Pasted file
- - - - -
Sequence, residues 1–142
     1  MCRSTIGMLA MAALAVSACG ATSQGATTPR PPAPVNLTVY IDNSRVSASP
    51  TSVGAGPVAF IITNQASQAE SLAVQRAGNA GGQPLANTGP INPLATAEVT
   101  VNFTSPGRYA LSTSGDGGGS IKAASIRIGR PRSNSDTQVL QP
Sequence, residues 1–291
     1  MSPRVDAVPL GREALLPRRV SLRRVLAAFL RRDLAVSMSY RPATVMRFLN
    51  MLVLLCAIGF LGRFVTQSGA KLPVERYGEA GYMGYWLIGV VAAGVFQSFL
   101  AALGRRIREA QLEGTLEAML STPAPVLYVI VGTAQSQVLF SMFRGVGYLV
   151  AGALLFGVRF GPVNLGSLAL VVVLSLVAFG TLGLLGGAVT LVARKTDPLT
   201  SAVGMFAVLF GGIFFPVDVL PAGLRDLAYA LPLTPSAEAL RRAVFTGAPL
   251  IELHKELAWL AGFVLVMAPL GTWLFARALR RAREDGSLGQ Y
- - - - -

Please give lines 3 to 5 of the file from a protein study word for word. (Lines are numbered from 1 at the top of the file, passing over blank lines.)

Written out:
    51  TSVGAGPVAF IITNQASQAE SLAVQRAGNA GGQPLANTGP INPLATAEVT
   101  VNFTSPGRYA LSTSGDGGGS IKAASIRIGR PRSNSDTQVL QP
Sequence, residues 1–291